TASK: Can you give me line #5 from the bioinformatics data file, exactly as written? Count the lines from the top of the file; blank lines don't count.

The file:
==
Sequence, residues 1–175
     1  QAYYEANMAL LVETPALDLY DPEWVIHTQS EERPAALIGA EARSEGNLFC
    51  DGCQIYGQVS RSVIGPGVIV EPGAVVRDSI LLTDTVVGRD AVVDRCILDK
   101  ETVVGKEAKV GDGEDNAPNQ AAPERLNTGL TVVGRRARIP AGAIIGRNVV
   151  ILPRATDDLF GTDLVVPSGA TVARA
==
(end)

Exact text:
   151  ILPRATDDLF GTDLVVPSGA TVARA